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Fabric death caused by MDMA toxicity

Jack Crossley, aged 18, died in August from a cardiac arrest after visiting the London club

By Rhian Jones on 05 Jan 2017


As London’s Fabric nightclub gears up to reopen this weekend, an inquest has found that MDMA toxicity was what caused the second death in the venue within six weeks last year.

Jack Crossley, aged 18, died in August from a cardiac arrest after visiting the London club. He had 2.2 micrograms of MDMA in every millilitre of his blood, according to the GuardianThe dose was “well within the fatal range,” said toxicologist Joanna Hockenhull. Crossley’s death came soon after that of Ryan Browne, who, also aged 18, collapsed and died from the same causes at the end of June.

Islington Borough Council then revoked the club’s license after a six-hour debate that found a “culture of drug use” at the 2,500-capacity superclub which “security appears incapable of controlling”. However, the venue announced in November it was to reopen after agreeing to make changes to its management structure and introduce stricter searches, covert surveillance and lifetime bans for anyone found to be in possession of drugs.

Philip Kolvin QC, a licensing lawyer who represented Fabric in its successful bid to have its licence reinstated, has since been appointed chairman of London’s Night Time Commission.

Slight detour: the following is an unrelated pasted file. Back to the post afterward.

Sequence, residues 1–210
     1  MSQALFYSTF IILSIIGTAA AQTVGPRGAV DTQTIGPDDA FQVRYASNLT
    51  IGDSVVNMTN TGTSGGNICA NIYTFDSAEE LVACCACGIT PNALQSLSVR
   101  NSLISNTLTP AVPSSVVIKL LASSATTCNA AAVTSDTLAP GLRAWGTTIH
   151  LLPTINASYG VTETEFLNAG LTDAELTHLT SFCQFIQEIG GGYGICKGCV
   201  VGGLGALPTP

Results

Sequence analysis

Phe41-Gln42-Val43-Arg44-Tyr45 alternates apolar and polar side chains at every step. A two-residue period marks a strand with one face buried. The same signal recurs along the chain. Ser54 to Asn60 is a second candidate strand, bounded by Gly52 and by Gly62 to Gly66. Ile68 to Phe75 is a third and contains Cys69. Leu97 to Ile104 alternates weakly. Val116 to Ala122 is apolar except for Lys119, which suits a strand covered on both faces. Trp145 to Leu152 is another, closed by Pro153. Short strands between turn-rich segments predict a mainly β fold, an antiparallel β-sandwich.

Crossley’s friend, Josh Green, told a court inquest the duo had smuggled crystal MDMA into the venue in their underwear and had taken it intermittently throughout the evening before running out.

Green said Crossley was then offered to buy more from a dealer in the club and they both said yes. It was while leaving the venue at 5.30am that Crossley appeared unwell and a doorman took him to the medical bay, where a paramedic found his pulse to be 190BPM and called an ambulance. He suffered a cardiac arrest while in the ambulance and again at the Royal London hospital. Resuscitation attempts were stopped at 8.58am.

“I believe that the metabolic effects of the drug reaction were so severe that there was nothing else that teams could have done that would have had a significant effect on the outcome,” said the doctor.

Fabric GM Luke Laws said while there would have been no way to detect the MDMA Crossley and Green were carrying when entering the club, that he had taken measures to ensure the club has no dark corners and that staff had been retrained to conduct stricter searches.

Laws told the court “there is a problem between crime and disorder and public health,” and that more needs to be done to warn over the strength of ecstasy.

 


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